“No you can’t understand because you are reading the last chapter of something with out having read the first chapters. Young people always think they are coming into a story at the beginning when they are usually coming in at the end.”
If you’re unaware, the TV adaptation will be releasing on Netflix February 7, and it’s because of the trailer that I wanted to read the graphic novel first. The idea piqued my interest right away but after reading the first volume, I wanted to keep going.
Finding out it’s written by Joe Hill also helped.
Obviously, when I’m writing this the show isn’t out yet so I can’t do any comparisons.
Lock the Past Behind You
The Locke family moves to Lovecraft, Massachusetts after a horrific tragedy befalls their lives in the hopes of starting anew and locking the doors behind them.
There are a lot of literal lock and key puns.
Tyler, Kinsey, and Bode Locke must find a way to live after their father’s death. They move into Keyhouse, where their dad grew up, and once there Bode is the first to find the keys to doors that open infinite possibilities.
But there is a creature living at Keyhouse who wants to escape a well it was put in many years ago and will do anything to find the keys to free itself and wreak havoc on the Locke family.
A Youtube comment called this “a mixture of The Chronicles of Narnia with The Haunting of Hill House” and although I would give it some of those comparisons, Locke & Key proves to be more brutal. It has the wonder of Narnia when finding a new key and the eeriness of a practically empty house of Hill House, but with more gore and death.
One of my favorite parts of the book is watching the kids grieve in different ways (that sounds bad) but it’s able to show different they are just by how they deal with death. Tyler, for example, blames himself and loses himself in work. Kinsey wants to blend in, not wanting others to stare at her, and Bode gets lost in the house, wanting to find more keys and talks to the creature in the well.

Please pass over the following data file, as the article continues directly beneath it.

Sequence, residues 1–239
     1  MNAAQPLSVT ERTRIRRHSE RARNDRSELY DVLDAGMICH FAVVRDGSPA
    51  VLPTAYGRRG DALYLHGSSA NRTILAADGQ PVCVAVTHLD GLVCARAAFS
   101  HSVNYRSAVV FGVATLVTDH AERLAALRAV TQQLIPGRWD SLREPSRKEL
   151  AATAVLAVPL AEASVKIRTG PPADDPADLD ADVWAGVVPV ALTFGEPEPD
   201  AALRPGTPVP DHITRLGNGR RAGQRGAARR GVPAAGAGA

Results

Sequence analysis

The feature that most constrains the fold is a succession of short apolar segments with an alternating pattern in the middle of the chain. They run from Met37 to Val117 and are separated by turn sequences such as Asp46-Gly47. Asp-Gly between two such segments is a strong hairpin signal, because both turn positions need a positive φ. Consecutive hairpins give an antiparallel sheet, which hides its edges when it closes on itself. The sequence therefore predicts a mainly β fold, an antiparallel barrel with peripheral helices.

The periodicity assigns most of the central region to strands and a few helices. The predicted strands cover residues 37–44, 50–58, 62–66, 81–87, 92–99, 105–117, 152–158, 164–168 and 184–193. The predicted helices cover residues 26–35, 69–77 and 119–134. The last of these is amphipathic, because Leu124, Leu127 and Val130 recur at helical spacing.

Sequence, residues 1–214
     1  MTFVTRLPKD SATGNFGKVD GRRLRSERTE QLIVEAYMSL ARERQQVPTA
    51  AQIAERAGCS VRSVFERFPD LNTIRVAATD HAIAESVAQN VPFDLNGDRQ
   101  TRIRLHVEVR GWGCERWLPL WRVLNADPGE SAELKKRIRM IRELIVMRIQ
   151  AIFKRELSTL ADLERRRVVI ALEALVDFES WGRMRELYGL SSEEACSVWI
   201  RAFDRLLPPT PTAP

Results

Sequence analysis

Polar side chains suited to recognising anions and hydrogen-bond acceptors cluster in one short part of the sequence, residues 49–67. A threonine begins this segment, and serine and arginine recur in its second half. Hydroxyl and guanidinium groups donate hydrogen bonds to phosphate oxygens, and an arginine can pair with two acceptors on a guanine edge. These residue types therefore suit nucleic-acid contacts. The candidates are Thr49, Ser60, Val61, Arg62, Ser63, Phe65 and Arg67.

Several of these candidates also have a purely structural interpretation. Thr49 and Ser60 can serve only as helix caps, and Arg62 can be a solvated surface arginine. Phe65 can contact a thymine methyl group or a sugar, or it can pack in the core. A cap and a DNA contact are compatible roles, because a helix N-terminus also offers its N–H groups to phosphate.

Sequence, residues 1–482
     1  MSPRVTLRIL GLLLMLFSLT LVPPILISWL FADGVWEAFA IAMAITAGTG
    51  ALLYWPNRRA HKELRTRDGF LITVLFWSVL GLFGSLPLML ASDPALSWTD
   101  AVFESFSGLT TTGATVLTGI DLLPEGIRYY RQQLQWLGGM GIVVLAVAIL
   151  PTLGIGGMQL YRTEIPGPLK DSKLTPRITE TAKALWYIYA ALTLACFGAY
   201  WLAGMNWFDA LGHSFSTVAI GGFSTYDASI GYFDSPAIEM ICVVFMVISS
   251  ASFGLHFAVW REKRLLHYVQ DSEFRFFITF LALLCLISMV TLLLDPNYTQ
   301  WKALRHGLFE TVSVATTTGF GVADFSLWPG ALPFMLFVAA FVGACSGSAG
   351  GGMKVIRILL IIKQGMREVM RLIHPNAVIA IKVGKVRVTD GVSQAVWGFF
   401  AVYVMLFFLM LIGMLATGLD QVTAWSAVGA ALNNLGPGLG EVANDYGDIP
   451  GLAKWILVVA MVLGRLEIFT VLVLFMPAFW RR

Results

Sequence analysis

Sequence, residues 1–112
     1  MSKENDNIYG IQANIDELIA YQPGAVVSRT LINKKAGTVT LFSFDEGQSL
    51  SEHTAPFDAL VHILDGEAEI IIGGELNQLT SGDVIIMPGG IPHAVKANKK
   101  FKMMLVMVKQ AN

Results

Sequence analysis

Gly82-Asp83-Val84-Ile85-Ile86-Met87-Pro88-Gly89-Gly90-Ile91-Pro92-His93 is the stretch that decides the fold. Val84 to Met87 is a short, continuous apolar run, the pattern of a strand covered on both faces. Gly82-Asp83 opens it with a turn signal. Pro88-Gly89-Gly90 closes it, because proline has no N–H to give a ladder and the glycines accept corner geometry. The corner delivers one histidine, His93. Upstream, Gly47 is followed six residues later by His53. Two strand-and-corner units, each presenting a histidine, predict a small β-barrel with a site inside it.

Even side characters get their time as we learn more about what happened at Keyhouse when their dad was a teenager as something horrible happened. By the end of the third volume, nothing is revealed but some didn’t make it.
Illustrations & Gore
The illustrations are graphic and gory with so much detail. Each character has a distinct look and is easy to tell apart, so much to the point where I should point out if you have issues with seeing murder, blood, or graphic imagery then I would steer clear.
But I love the illustrations and the endless possibilities that come with every new key the kids find.
It’s more than the characters, who are likable in different ways, that kept me reading. The story itself is different and strong: the mystery behind the keys, if there’s a reason they’re there, and what happened in the past.
I didn’t want to reveal what any of the keys do. Personally, I like finding out at each page turn, but if you watched the trailer, then you’ll know how insane it can get, even creepy at times. I wouldn’t call the books “scary” but with the imagery, there can be an eeriness to it.
My one hope for the show is that it keeps the brutality. I think doing that will set it apart from the other shows/movies people are comparing it to (Narnia, Hill House, even The Umbrella Academy.)